That's because each 12-ounce bottle of "Canna Cola" will contain 35 to 65 milligrams of THC, the psychoactive ingredient in marijuana.
Considering that the average dose of medical marijuana is about 25 milligrams, it's no surprise there's quite a buzz surrounding the product, which is scheduled to debut in Colorado cannabis collectives in February and cost $10 to $15 per bottle.
The Canna Cola family of beverages (which include the Dr Pepper-like Doc Weed, the lemon-lime Sour Diesel, the grape-flavored Grape Ape and the orange-flavored Orange Kush) is the brainchild of Clay Butler, a commercial artist in Soquel, Calif.
He saw the idea of creating and marketing a marijuana soda as the perfect branding experiment.
"There are a wide range of products available in this category," Butler told AOL News. "Sometimes, you'll buy a cookie with just a laser-printed label that says 'Cookie' with no other information -- you don't know who made it!
"You won't find that with spaghetti sauce or pharmaceuticals. I thought about creating national branding for something that is fragmented and local."
Although Butler says he's never smoked pot in his life, he told the Santa Cruz Sentinel that he loves branding and was intoxicated by the concept of "how Snapple or Coca-Cola or Minute Maid would make a marijuana beverage, if they ever chose to do it."
Although Canna Cola does include marijuana leaves in the logo, Butler believes his rendition -- a leaf made of bubbles to suggest soda pop -- is way more buzz worthy than those of competitors.
The sodas are supposedly more tasteful as well, according to Scott Riddell, the founder of Diavolo Brands, which is marketing Canna Cola.
He says the levels of THC in his line of soft drinks will be substantially below the levels of many drinks now on the market and likens his product to a "light beer" alongside high-proof liquors.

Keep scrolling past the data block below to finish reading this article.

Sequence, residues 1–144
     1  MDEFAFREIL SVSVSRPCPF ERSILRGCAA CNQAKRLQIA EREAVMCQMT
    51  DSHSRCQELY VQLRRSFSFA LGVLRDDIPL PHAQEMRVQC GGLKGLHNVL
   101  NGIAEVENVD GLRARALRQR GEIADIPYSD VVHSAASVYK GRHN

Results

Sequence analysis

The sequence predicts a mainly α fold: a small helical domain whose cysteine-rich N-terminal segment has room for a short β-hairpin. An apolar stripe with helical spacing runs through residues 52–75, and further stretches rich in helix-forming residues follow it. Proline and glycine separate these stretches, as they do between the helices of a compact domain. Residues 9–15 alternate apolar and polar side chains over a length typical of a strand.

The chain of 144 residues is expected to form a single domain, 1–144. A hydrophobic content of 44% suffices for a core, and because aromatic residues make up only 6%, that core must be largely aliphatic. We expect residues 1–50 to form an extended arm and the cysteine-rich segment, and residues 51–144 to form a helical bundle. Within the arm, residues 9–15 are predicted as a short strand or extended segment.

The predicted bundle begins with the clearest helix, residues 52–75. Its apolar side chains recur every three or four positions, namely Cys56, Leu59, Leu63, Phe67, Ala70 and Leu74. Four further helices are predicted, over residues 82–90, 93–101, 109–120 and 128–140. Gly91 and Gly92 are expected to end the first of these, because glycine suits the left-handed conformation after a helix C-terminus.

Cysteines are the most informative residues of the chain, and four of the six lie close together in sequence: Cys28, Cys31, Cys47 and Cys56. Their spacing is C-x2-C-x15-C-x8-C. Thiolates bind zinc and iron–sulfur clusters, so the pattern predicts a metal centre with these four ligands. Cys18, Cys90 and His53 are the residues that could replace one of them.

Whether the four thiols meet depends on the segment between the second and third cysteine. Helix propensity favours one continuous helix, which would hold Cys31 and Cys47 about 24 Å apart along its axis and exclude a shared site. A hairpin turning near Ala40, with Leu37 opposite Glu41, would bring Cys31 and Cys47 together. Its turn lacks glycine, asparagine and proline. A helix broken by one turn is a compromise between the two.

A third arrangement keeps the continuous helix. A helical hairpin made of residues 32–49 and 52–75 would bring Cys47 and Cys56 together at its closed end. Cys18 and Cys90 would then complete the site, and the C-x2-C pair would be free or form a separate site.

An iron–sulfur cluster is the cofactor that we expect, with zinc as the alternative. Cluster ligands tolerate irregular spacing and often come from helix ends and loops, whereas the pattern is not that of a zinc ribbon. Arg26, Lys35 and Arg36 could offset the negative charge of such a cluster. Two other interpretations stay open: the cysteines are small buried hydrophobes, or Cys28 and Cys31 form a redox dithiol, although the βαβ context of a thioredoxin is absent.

The product will be licensed to local companies in states that allow medical dispensaries.
"We will sell the bottles, the labels and THC-free versions of the soda to local manufacturers, and they will be responsible for making the sodas," Butler said. "That's why the price of purchases varies."
If all goes well, Butler says all 50 states will eventually allow medical marijuana, and this will make Canna Cola attractive to a giant conglomerate like a Coke or a Pepsi, who would rather buy up an existing brand than reinvent the wheel, or the weed.
So far, the reaction from the cannabis community is positive from folks like Jordan Radach, who is an assistant manager at the Dank Bank, a San Diego-based collective, and approves of Butler's branding philosophy.
"I like how they are not marketing in the hippie-dippy way," Radach told AOL News. "Too many companies do that at the expense of the medicinal aspect."
He also approves of the lower THC count.
"There are other cannabis sodas around, but they have higher THC counts, and a heavy after-taste. Basically, they taste like crap," he said. "Like weed in a bottle."
Radach, 21, predicts there will be a demand for the pot-enhanced pop if they taste good.
On the other hand, Steve Bloom, who runs CelebStoner.com, isn't holding his breath that the product will reach the heights of success that Butler desires.
"I think this is a great idea, but it only matters to people who live in the states with dispensaries," Bloom said. "That's Colorado, California and maybe Montana. It can't go nationwide because pot is illegal and probably will be for a while. If it didn't pass in California, it won't in other states."
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